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ELEKTRONIKA IR ELEKTROTECHNIKA, ISSN 1392-1215, VOL. 19, NO. 4, 2013

Design and Applications of Electronically


Tunable Floating Resistor Using Differential
Amplifier
S. A. Tekin1, M. Al1
1
Department of Electrical and Electronics Engineering, Erciyes University,
38039, Kayseri, Turkey
satekin@erciyes.edu.tr

connections in the circuits. Passive components are usually


used for designing GIC circuits. However, using passive
device is not proper and impractical for integrated circuit
implementations [13], [14].
A bipolar based floating controlled resistance has also
been described in the literature [15], [16]. Also, it is
introduced voltage controlled floating resistor using OTA in
previous study [17]. But these studies suffer from narrow
bandwidth and circuit complexity. Bipolar based currentcontrolled resistance is proposed in this paper as a way to
avoid these problems.
Recently, some differential amplifier based circuits have
been proposed in the literature [18][20]. It is introduced a
floating resistance based on a pair of differential amplifier
has the ability to operate at high frequencies in this paper.
This resistor, which merely contains bipolar transistors, is
very convenient for IC implementation. More components
are not utilized in the circuit with the aim of keeping the low
circuit complexity and the simpler design.
In this article, first, theoretical analysis for a differential
amplifier is explained. Thereafter, circuit analysis and
simulation results of the tunable floating resistor design are
demonstrated. Finally, the suitability of this floating resistor
is indicated using oscillator and current amplifier.

AbstractIn this paper, a new electronically tunable active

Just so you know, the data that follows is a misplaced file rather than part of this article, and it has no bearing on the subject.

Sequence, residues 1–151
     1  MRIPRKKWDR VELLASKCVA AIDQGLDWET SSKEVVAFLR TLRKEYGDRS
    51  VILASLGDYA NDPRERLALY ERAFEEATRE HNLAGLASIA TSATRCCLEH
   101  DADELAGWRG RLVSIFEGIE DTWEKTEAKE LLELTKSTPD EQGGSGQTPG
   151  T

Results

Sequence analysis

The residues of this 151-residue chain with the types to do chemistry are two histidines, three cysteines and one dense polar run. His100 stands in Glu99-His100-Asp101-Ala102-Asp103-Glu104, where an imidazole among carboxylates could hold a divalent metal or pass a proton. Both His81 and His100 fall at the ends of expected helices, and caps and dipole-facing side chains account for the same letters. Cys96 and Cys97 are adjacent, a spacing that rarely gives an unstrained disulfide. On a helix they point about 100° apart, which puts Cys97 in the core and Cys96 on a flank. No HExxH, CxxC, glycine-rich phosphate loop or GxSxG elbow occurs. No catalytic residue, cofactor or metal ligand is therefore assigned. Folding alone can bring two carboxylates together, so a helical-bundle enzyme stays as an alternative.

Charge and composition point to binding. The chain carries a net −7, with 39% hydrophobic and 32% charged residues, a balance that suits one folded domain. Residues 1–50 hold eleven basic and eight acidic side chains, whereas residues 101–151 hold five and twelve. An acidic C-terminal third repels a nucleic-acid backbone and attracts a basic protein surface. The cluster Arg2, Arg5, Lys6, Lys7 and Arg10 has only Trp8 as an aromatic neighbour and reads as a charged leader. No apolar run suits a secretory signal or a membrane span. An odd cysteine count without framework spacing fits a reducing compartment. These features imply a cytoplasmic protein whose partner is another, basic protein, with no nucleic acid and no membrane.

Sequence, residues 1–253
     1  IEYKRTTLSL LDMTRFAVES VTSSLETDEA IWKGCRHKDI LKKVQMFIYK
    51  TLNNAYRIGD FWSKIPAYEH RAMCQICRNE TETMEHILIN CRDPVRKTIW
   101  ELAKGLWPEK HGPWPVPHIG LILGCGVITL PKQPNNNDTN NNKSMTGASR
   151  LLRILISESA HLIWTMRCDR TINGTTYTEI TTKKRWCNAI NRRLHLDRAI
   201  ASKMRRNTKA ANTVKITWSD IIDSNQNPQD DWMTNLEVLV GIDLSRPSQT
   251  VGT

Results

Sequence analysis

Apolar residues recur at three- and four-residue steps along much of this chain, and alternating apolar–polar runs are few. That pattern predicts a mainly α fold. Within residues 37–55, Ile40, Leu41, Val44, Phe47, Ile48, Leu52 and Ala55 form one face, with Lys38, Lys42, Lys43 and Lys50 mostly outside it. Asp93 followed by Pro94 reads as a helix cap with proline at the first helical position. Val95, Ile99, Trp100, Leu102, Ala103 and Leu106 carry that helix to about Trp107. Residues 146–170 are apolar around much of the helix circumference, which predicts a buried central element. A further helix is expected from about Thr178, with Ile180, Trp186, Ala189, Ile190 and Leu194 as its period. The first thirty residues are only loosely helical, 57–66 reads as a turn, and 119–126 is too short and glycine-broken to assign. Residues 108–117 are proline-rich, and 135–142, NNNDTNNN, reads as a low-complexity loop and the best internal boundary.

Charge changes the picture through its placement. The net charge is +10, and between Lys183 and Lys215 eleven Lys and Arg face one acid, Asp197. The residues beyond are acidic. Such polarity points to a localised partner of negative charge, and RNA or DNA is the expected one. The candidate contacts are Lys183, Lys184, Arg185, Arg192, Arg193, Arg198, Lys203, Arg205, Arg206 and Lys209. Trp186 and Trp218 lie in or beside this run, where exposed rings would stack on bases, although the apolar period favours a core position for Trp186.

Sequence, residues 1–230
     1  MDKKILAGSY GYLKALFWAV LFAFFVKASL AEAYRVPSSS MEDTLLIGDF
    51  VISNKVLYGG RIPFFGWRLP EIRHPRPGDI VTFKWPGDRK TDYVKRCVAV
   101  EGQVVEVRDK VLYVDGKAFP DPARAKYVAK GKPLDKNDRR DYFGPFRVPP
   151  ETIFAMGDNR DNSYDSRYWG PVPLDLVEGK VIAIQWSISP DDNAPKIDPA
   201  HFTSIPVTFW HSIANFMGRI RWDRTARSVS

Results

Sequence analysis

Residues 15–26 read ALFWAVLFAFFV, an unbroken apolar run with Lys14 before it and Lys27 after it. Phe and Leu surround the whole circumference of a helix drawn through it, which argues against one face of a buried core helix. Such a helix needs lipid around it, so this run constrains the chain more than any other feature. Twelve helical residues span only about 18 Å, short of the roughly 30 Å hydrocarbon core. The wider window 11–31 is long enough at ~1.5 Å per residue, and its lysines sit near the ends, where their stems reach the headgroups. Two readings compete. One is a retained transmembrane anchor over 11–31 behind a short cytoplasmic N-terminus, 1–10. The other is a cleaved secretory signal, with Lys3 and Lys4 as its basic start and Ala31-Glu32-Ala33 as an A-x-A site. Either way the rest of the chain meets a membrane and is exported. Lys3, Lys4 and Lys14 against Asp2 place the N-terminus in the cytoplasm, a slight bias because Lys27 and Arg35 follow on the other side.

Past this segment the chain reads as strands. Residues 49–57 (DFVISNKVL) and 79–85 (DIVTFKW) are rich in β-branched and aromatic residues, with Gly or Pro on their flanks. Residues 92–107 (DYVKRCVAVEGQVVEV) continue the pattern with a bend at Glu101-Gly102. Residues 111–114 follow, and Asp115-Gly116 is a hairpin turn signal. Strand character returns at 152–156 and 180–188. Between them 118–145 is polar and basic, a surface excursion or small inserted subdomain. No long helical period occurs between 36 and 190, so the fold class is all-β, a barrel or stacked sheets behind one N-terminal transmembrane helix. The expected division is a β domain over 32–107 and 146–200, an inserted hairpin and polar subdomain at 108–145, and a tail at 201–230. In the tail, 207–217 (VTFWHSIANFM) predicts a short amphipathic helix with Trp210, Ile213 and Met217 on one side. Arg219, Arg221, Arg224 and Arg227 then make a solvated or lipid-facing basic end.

resistance was introduced. The proposed circuit design consists
of only two differential amplifiers. The main advantages of this
circuit are higher bandwidth, simpler design and tunable
resistance range. Also, the design of the circuit allows negative
resistance structure and besides it can be used in IC
realizations. Effective range of the floating resistor is controlled
within a wide range of resistance in between 43 516 k.
Index TermsActive resistor, current amplifier, current
mode circuits, differential amplifier.

I. INTRODUCTION
The floating and grounded resistors in technology of
silicon can be realized by using diffusion areas or
polysilicon in an integrated circuit. Nevertheless, large areas
of silicon chip are required to obtain these resistors. This
technique is inconvenient to attain certain values. Also, it is
not possible to tune the targeted values of resistance. So
MOS and bipolar based active resistors have been
introduced in previous studies to overcome these limitations
[1].
The diverse analogue circuits, for example, filters,
oscillators and amplifiers, are necessary for high
performance electronically controllable active resistors. [2]
[5]. Several CMOS circuits simulating controlled resistors